No, I will miss the self-deprecating Scottish humor, the wonderfully relaxed approach to life and work, the warmth and the hospitality, almost as much as I will miss the guy always seated at the end of the bar who proves that if we are separated by our mother tongues, we yet share the language of drunkenness.  If he becomes an immigrant it won’t be the same somehow.


So come on, people of Scotland, don’t close our joint account – vote for a United Kingdom.  We still need your money.


Hey, Jimmy!   Ah bliddy luv yooo!

The Beautiful Game


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Football ( or Soccer, if you prefer) is often called ‘The Beautiful Game’.   I forget who first conjured the phrase – possibly it came to prominence around the same time somebody dreamt up that one about ‘the British Police Force is the best in the world’, or some such.   Personally, I can find nothing in football that is beautiful.  I can find very little in football that can be called a ‘game’.

All right, my antipathy for the sport is well-known.  I can be found railing haplessly at the TV on any given Sunday, searching vainly through the channels for something – anything – which does not depict professional sport.  But I do have real (and growing) cause for concern, and I will tell you why.

The backcloth, of course, is the World Cup, currently reaching a climax in torrential floods of nationalism all over Brazil.  So many of the young people I reach during my work, erudite, intelligent young people on their way to university or to apprenticeships in the next few years, are obsessed with football that any attempt at conversation on other subjects is ruled out.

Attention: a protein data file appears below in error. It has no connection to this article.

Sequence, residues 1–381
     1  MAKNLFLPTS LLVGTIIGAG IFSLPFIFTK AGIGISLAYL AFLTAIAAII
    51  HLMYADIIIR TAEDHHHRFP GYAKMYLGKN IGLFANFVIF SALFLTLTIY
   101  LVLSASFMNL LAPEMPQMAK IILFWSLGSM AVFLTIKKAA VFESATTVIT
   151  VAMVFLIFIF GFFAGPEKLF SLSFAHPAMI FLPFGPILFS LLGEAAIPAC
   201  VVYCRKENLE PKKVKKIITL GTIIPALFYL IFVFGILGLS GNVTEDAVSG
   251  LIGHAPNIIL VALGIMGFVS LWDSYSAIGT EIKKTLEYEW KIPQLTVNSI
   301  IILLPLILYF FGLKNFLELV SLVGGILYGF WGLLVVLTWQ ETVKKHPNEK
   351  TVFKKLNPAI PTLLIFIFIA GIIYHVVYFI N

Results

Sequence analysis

I don’t mind.  I like to acquire enough background knowledge to converse on any subject, which is why I in the course of one session I responded readily to a mention of the tackle which floored Brazil’s Neymar and broke a vertebra in his spine.  I had seen the tackle, in which a Columbian player running at full tilt had apparently rammed his knee intentionally into Neymar’s lower back.  It was clearly a foul in the worst sense, but one the referee chose to ignore:  why, I can only surmise.

But that was not the reason for the chill that ran up my spine in this discussion.  When we agreed the tackle had been designed to eliminate Neymar, Brazil’s young rising star, from the competition, and I suggested that this had little to do with sport my young companion shook his head. 

“Well of course, you do anything you can get away with.  That’s the game, isn’t it?”

Is it?

I soon established my young companion wholly condoned the practice of fouling to cause injury, ‘diving’ in the penalty area where any foul will result in a penalty kick at goal, and feigning injury to gain a time advantage, or get an opposing player sent from the pitch: all fair play in his estimation if you want to ‘win’.

This young man is on his way to university to study for a business degree.  He is one of the next generation of industry captains who will be selling to us, producing goods for us, selling and buying shares in the market on our behalf.   Personally, I will be very careful to watch his progress.

Today Neymar gave an emotional press conference in which he revealed that if the contact on his back had been a few centimeters higher he would have been paralyzed for life.   An attack such as the one he suffered, delivered with such cynicism, would be punishable by a jail sentence if it happened outside a football ground.    Yet the ‘sport’ of football seems not only to tolerate this kind of gamesmanship, it positively promotes it.  The skills involved in the sneak tackles – the exaggerated swan-dives and the agonized protestations of innocence are clearly not haphazardly attained:  they must be taught.